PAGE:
One of the problems of operating tools in space is that the user is generally free floating. Suddenly, a twist of the screwdriver sends the user spinning not the screw.

I seem to remember reading about a design of a "thin" space suit that was only as thick as a wetsuit. It was still in development, but was showing promise. Instead of being a pressure suit that maintained a comfortable pressure inside, it was tight and squeezed the body so it didn't feel the reduced pressure.

Anyway, a new suit with all the improved visability and dexterity that it would bring makes more sense than designing new tools to get around the clumsy suit.

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Post    Posted on: Mon Nov 14, 2005 4:27 pm
Sean: Yeah, it's a physically-pressurized suit. Think spandex and neoprene. Air's pumped in, but the suit itself keeps the air generally contained in the helmet area. This idea is also good for micrometeorite protection, since you can actually put some sort of armor on the outside, and not put the suit into the "I can't even move my arms" range. The idea's been around for a while, but I don't know about the progress of any research on it.

Ekke: Dr. Komerath is actually my advisor for a scholarship here at Tech -- next time I talk to him, I'll ask him about this. Could you give me your links, and I'll look for some local ones here at Tech, so I can research it a little more thoroughly?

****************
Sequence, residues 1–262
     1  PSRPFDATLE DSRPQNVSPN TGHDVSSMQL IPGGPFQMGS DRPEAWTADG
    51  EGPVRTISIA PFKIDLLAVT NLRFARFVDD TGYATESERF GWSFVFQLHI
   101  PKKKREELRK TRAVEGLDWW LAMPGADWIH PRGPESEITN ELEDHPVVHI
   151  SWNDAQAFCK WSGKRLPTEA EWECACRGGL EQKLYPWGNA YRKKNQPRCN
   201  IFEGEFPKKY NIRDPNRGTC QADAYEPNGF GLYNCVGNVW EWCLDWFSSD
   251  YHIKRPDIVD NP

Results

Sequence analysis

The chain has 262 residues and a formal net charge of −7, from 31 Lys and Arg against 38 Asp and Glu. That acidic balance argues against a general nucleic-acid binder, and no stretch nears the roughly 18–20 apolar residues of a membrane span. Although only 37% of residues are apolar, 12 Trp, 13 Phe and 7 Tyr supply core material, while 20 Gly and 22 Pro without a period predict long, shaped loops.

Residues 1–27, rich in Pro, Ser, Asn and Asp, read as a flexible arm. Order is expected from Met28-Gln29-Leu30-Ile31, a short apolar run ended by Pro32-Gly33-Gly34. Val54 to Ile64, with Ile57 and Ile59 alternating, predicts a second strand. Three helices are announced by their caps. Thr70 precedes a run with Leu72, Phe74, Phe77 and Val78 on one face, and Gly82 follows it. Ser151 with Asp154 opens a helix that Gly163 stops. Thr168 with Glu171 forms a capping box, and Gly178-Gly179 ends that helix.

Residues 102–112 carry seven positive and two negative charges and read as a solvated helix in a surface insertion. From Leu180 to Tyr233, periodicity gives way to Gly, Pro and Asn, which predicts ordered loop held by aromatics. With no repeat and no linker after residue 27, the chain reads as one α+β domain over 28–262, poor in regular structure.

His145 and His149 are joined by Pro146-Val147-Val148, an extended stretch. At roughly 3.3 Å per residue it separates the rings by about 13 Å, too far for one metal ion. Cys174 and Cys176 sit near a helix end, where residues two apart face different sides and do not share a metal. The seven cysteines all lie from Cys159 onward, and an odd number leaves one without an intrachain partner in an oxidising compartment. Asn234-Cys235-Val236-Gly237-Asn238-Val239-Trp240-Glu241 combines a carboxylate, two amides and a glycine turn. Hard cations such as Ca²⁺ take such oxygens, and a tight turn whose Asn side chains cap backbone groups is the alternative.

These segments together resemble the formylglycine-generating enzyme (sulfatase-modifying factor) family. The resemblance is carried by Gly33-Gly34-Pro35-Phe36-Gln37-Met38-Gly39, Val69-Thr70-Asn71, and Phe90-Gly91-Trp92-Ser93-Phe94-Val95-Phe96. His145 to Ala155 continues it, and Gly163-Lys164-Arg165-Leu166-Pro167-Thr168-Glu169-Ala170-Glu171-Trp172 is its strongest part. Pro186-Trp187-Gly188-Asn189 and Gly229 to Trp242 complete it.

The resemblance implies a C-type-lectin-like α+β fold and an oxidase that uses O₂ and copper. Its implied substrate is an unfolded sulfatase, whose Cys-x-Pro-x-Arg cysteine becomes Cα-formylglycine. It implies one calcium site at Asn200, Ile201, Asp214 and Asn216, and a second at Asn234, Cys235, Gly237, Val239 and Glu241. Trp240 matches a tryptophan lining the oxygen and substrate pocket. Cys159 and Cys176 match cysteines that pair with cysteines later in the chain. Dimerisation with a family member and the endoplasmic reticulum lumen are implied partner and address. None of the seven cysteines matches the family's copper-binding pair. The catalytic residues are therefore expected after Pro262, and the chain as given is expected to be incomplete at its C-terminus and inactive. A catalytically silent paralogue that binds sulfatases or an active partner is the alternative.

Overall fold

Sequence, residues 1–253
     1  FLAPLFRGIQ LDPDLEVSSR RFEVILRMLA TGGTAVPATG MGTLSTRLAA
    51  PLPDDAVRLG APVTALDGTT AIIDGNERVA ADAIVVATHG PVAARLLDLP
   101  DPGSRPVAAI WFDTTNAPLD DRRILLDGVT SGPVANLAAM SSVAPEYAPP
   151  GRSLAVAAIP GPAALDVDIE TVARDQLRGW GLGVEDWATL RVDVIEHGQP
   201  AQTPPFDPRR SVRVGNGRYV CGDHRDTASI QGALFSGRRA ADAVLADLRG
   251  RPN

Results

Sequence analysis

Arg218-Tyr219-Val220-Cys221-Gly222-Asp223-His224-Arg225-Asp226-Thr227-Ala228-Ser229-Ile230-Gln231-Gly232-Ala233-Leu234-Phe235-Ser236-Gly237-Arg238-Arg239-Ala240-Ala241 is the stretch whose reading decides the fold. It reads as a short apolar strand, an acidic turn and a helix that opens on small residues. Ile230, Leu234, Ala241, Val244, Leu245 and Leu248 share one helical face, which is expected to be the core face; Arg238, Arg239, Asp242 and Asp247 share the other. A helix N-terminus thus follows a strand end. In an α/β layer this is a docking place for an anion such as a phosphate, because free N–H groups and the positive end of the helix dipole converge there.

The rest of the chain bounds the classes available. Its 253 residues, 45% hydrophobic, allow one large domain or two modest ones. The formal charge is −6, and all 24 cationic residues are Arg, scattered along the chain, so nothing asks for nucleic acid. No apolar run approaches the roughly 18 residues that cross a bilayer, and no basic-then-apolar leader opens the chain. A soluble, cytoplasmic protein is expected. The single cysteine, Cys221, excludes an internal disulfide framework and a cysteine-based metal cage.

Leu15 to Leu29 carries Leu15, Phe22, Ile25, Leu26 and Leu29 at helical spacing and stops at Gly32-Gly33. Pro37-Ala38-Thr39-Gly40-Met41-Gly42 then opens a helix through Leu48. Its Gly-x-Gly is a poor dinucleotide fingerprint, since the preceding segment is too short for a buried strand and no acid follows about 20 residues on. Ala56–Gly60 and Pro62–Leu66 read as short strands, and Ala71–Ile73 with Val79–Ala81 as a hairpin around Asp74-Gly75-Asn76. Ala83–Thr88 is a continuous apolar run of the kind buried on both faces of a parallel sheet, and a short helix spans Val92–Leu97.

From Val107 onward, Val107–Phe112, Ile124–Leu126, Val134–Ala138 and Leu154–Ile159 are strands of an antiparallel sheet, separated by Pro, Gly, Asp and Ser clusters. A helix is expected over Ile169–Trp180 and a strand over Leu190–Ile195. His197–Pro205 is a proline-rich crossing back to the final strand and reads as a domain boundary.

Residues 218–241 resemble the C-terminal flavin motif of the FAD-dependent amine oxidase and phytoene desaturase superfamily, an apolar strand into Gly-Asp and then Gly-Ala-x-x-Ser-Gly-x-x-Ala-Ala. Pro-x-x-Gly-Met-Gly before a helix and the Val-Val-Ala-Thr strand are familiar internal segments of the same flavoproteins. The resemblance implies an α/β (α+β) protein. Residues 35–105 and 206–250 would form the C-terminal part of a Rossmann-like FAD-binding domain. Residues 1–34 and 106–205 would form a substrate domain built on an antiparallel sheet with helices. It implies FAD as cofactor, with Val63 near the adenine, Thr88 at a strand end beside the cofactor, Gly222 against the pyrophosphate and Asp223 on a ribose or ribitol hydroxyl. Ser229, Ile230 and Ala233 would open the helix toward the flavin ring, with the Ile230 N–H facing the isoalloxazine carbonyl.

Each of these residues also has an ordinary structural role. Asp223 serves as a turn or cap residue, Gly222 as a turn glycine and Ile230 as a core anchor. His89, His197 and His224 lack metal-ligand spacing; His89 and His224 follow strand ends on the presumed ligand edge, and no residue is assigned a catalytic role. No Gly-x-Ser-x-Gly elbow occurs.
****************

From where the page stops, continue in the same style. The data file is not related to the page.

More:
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Post    Posted on: Tue Nov 15, 2005 7:00 am
Hello, spacecowboy,

that's a very very lucky opportunity.

Unfortunately besides the links already listed there is available additionally only the link to the german article titled "Mit Radiowellen tonnenschwere Objekte bewegen: Vision für Bautechnik im Weltraum": www.wissenschaft.de/wissen/news/149733.html .



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Post    Posted on: Tue Nov 15, 2005 7:27 pm
hehe -- I got you beat! Take a look here: http://www.adl.gatech.edu/research/tff/. Unfortunately, it looks like not all the relevant information has been posted. Blech.

[EDIT]Sigurd, I *hate* that auto-tagging system. Why, oh why, does it have to put everything at the end? I know, my mistake for using it.[/EDIT]